Melissa Mathews/Katherine Trinidad
September 7, 2005
NASA Pulls Together to Help Recover From Hurricane Katrina
Across NASA agency employees are doing their part to help communities affected by Hurricane Katrina. Emergency operations are focused on locating and providing assistance to NASA employees and their families, then securing and repairing NASA facilities.
Two NASA installations, Stennis Space Center, Miss., and Michoud Assembly Facility, near New Orleans, were significantly impacted by the storm. A number of NASA civil servant and contractor employees are believed to have lost their homes, and many have evacuated the Gulf Coast.
All NASA centers are participating in efforts to find housing and work space for dislocated employees and their families. NASA workers are also collecting supplies and contributing to the NASA Family Assistance Fund. Each center is also offering its special capabilities and expertise to the recovery effort. Marshall Space Flight Center,
Huntsville, Ala., is the focal point for support to Stennis and Michoud. Marshall is providing truckloads of supplies and a number of key personnel to Stennis and Michoud. Their goal is to establish emergency communications and to assist with damage assessments. Trucks to Stennis have also carried humanitarian supplies, including groceries, diapers and medicine, for people sheltered there. Workers from Marshall are rotating through Stennis and Michoud, providing relief for employees. Ames Research Center,
Moffett Field, Calif., is sending members of its Disaster Assistance and Rescue Team, including water rescue and communications specialists, to New Orleans and to Marshall. More personnel are ready to go to the disaster zone, if needed. Ames is also providing a portable water filtration system for Michoud. Dryden Flight Research Center,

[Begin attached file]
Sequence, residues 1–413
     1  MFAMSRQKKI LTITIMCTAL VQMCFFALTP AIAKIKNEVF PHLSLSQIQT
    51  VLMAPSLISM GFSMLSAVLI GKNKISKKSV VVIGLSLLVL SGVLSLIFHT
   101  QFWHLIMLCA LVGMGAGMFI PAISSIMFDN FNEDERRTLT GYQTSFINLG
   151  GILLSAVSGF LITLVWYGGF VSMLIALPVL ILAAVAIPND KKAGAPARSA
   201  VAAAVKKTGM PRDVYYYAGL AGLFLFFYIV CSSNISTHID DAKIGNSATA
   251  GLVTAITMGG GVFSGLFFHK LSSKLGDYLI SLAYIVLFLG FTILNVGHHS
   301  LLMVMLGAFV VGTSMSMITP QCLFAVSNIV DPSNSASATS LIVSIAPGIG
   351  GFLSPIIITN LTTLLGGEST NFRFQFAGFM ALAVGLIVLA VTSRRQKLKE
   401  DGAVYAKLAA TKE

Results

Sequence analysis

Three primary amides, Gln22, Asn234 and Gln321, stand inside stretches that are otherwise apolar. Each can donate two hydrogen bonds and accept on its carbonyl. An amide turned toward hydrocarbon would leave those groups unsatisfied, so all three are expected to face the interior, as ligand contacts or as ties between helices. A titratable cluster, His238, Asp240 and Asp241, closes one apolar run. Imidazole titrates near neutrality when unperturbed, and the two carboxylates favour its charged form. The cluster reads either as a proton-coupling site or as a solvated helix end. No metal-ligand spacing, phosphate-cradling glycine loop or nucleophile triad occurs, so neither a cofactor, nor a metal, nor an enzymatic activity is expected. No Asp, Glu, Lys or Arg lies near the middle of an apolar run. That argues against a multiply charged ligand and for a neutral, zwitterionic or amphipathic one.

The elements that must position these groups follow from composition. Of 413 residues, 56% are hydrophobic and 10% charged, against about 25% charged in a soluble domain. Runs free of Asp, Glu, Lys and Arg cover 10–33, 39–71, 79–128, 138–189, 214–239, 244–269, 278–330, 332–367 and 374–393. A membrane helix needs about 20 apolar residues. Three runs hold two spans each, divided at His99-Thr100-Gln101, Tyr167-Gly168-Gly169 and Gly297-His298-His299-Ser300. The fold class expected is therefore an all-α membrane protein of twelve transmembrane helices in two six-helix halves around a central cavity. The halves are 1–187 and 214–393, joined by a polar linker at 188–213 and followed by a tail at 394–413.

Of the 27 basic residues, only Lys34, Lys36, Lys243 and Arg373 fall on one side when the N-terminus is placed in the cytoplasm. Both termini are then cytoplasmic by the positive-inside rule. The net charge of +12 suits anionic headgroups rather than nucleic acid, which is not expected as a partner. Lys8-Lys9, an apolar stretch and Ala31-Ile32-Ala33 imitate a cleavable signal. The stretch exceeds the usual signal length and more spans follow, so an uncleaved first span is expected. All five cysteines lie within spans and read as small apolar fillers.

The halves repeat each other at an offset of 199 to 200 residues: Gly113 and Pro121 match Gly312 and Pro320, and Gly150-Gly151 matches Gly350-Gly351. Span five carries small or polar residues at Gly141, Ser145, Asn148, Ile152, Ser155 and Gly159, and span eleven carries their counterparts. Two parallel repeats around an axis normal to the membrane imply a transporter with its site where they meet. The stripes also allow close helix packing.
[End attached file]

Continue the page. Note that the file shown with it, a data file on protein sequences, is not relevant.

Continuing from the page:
Edwards, Calif., is sending medical and mental health professionals to Stennis to help care for evacuees. Glenn Research Center,
Cleveland, is arranging for thousands of gallons of fuel to be sent to Stennis to help power generators and other equipment. Goddard Space Flight Center,
Greenbelt, Md., Jet Propulsion Laboratory (JPL), Pasadena, Calif., and Wallops Flight Facility, Wallops Island, Va., are among the NASA science centers supporting data-gathering efforts using agency science instruments and Earth-orbiting satellites. The data are providing detailed insight into the environmental impact caused by Katrina. At JPL, an urban search-and-rescue team is preparing to deploy to the Gulf Coast, if needed.
At Johnson Space Center
(JSC), Houston, employees are donating food and money, as well as volunteering time to organize relief efforts. JSC Aircraft Operations is airlifting personnel and supplies to Stennis, supporting the Veterans Administration and other agencies in evacuating medical patients from storm-ravaged areas. Kennedy Space Center,
Fla., is sending much-needed emergency equipment, food, and medical supplies to assist with recovery efforts. The center is providing a security detail to Michoud; 1,000 gallons of diesel fuel and three large generators to Stennis.
In addition to collecting and sending humanitarian supplies to Stennis, Langley Research Center,
Hampton, Va., is standing by to contribute staffing, equipment and expertise as the affected NASA centers assess their needs.
For more information on NASA's response to Hurricane Katrina, visit:
For information about NASA and agency programs on the Web, visit:
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